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Nvidia's GPU Material Defect Cost $475.9 Million

Nvidia weak die/packaging material gaffe was one of the worst and most damaging for the GPU company. Certain versions of previous generation MCP and GPU (G84, G86) products shipped before July 2008, especially in notebooks, would fail due to the bad material, which led to a ripple effect of in and out of warranty claims.

Years later, the charges against Nvidia are still taking their toll. In the most recent quarter, Nvidia reported a charge of $193.9 million which includes additional remediation costs over the GPU error.

With this $193.9 million on top of the $282 million of net charges from previous statements, the total net charge over the GPU material flaw totals $475.9 million.

Nvidia may have reason to be optimistic, however, as it believes that it may be finally done paying for its mistake. Nvidia CEO Jen-Hsun Huang believes that the $193.9 million could be the enough to put the problem behind the company.

"It's our best estimate," he said, talking to Cnet. "With much, much more understanding and more data than we had two years ago or a year ago. And we've had the opportunity to work with every single PC (maker) out there. So we think it's near the end."

  • pbrigido
    Let's hope they learn from their mistakes and move on.
    Reply
  • zampolit
    My Asus Laptop G2S had to be returned because my 8600M's solder became lose. I noticed at strange times, or strange angles of the screen it would get a green, red, or blue hue...and sometimes have red square artifacts all over the screen.

    But, Asus took the laptop back not problem and gave me a M71V replacement. :)
    Reply
  • mavroxur
    pbrigidoLet's hope they learn from their mistakes and move on.

    Agreed. After paying that kind of money, I hope it doesn't happen again.
    Reply
  • jojesa
    I don't know what are they doing with the money, since laptop companies (Dell) are still lying to their costumers when system die because of a bad GPU.
    Reply
  • apache_lives
    the 7 series chips suffered the same issue and even chipsets suffer the same issues and they were never listed anywhere - desktops with nvidia chipset based boards even suffer the same issues (i know this because i can reflow chips, and that solves the same issues with products other then the 8400/8600)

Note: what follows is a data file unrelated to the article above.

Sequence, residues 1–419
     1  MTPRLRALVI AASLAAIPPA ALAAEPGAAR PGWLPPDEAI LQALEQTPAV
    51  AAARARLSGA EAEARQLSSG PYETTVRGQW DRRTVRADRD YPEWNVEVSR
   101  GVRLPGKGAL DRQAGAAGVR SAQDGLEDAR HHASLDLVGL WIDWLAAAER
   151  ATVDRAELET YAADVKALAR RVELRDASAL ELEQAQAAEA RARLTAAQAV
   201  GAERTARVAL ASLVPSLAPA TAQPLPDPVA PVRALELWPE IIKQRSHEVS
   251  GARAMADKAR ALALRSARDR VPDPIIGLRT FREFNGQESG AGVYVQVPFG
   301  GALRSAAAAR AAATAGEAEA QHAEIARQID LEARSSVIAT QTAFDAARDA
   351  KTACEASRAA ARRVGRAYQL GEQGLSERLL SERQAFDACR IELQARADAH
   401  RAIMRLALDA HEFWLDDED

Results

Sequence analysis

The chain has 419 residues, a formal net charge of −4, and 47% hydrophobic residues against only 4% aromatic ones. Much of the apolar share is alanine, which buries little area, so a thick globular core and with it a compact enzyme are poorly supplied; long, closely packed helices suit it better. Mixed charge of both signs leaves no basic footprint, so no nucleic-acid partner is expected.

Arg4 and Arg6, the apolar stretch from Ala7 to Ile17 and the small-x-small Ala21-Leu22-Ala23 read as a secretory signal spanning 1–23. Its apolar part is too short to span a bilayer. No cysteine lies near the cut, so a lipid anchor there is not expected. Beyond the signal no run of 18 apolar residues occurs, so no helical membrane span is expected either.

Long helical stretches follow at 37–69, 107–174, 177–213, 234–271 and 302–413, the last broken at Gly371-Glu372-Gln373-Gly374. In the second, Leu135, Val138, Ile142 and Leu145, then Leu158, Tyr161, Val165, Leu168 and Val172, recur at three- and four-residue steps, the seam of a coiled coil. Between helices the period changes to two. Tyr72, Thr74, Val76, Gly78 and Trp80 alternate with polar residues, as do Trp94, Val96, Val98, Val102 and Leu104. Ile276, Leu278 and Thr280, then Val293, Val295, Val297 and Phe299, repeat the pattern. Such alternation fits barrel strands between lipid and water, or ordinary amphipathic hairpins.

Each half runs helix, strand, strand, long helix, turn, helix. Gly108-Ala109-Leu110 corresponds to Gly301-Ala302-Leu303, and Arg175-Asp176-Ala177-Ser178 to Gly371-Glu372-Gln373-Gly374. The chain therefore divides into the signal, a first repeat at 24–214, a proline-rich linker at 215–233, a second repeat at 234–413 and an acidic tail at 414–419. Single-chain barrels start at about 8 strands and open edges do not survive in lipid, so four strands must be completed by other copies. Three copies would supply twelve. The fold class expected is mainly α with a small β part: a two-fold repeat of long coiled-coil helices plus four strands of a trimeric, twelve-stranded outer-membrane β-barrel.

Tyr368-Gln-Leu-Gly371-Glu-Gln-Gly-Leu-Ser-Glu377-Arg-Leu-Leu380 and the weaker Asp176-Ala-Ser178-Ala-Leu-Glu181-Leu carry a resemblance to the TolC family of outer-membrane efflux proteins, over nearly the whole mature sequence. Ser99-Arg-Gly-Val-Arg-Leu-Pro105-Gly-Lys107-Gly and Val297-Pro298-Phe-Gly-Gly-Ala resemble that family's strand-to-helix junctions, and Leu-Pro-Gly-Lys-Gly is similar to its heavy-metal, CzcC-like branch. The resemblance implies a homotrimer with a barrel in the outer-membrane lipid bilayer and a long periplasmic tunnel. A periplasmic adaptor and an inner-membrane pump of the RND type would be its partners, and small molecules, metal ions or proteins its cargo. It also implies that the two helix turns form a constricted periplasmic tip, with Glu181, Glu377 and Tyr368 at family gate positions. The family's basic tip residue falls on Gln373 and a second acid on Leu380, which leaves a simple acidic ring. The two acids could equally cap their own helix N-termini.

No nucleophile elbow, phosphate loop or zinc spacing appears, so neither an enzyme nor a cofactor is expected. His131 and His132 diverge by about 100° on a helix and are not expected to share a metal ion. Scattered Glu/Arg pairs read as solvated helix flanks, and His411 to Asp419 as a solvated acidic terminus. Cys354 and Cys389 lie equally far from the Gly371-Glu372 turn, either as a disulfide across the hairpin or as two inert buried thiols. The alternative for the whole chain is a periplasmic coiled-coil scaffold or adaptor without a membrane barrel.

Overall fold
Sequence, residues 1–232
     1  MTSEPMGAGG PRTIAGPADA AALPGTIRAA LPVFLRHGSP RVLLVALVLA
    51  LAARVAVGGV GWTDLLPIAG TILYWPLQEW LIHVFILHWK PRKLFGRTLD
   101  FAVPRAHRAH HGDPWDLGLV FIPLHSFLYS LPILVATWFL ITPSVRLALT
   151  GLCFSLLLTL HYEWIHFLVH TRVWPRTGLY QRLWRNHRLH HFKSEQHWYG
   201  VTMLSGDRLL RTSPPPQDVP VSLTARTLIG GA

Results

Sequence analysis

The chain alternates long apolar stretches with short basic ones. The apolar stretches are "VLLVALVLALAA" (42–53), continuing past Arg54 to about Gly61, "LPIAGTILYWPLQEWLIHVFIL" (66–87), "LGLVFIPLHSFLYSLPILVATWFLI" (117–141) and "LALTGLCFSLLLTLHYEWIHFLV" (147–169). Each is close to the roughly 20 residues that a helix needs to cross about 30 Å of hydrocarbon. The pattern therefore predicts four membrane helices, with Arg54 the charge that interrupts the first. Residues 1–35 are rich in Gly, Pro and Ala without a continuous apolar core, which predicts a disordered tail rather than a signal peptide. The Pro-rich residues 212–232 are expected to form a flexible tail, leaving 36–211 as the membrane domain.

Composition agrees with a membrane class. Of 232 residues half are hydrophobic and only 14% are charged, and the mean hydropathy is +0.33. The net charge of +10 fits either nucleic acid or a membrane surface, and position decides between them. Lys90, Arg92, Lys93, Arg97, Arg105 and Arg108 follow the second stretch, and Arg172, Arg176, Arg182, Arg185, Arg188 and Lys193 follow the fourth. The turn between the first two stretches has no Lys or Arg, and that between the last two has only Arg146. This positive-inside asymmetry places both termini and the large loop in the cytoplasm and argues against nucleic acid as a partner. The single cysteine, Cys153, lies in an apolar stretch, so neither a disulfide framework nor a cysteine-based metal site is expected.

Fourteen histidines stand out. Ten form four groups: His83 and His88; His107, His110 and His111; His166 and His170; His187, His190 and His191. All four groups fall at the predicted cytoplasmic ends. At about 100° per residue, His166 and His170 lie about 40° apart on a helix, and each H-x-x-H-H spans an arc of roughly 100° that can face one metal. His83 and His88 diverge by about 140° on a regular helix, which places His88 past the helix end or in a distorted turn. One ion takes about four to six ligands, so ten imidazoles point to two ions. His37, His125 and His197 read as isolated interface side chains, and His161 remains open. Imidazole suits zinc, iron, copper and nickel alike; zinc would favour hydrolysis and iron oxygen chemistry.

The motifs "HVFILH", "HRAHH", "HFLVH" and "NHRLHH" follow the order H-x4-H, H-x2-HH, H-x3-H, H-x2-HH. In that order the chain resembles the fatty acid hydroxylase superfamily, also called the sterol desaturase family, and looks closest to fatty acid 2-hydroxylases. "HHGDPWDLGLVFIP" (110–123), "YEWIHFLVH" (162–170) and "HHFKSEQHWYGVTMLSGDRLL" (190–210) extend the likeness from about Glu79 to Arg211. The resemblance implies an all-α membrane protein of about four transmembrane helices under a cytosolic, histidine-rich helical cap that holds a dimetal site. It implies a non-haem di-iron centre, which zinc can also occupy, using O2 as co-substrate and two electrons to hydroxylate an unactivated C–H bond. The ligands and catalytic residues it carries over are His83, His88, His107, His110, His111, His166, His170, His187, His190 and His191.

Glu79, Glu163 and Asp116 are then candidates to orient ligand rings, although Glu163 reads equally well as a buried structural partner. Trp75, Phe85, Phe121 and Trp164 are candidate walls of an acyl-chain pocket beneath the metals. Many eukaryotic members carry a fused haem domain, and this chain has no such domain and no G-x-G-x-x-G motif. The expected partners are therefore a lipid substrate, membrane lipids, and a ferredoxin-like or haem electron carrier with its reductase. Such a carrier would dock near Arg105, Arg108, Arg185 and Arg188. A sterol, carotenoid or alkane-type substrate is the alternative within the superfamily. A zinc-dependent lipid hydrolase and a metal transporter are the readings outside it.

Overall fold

hell my old 6600GT AGP had the same issue and reflowing brought it back to life, along with an old 8800GT

    atleast with ATi cards i know theres no point reflowing because it never fixes there cards - kinda guess its from other faults when there cards fail.

    Good one nvidia

    Also kinda wonder how long these new GTX480 cards will last - had a tri-sli rig at my shop doing 110ºc under load which managed to raise the room temps 4ºc atleast within an hour (room temp is always 22 thanks to aircon - hate to see how they run in summer here in Australia when outside its 35º+) - already cooked a card from a burn in test.
    Reply
  • Reynod
    The underfill problem was first raised, and well documented by Charlie Demerjian.

    Reply
  • bourgeoisdude
    jojesaI don't know what are they doing with the money, since laptop companies (Dell) are still lying to their costumers when system die because of a bad GPU.
    Still lying to their customers? Please don't make blanket statements like that without examples. Also, not every video issue is caused by the GPU. I found out that the NVIDIA chipset in my associate's Dell Precision laptop was not to blame for the video problems. Dell replaced that first because they figured the recall may have affected that model (they didn't consult their L2 tech first) only to find out the issue was a bad cable connecting the LCD to the chipset.

    When I worked for Dell a few years back, I remember a couple of times that the previous tech replaced the customer's Maxtor hard drive for their GX270's because "that was the problem all the other GX270's had" , only to find out that didn't fix the issue. Under the warranty contract most companies have with Dell (as well as consumer contracts), it's still important to do basic troubleshooting even for a recall or "known" issue, or at least verify the symptoms match the problem.
    Reply
  • I don't think these things will let up until warranties expire. I guess Nvidia is figuring that will be soon. How sad that a more widespread recall was not done on this problem.
    Reply
  • nforce4max
    GeFail is the best way to describe it while Grillforce does the job for most. A stocked clocked GTX480 wouldn't last long in my climate and this summer has been the hottest in a long time thanks to extra solar activity. 30-35c is common while in the city near paved areas its hot enough to fry eggs. You know its bad when one walks out of a aircon building and can feel the heat through my boots right away. The worst heat index value that we have had thus far this summer was a scorching 47c and that was only three weeks ago! Todays forecast is 39c :s
    Reply
  • arfrxz
    I'm one of the victim. RIP G84 GPU.
    Reply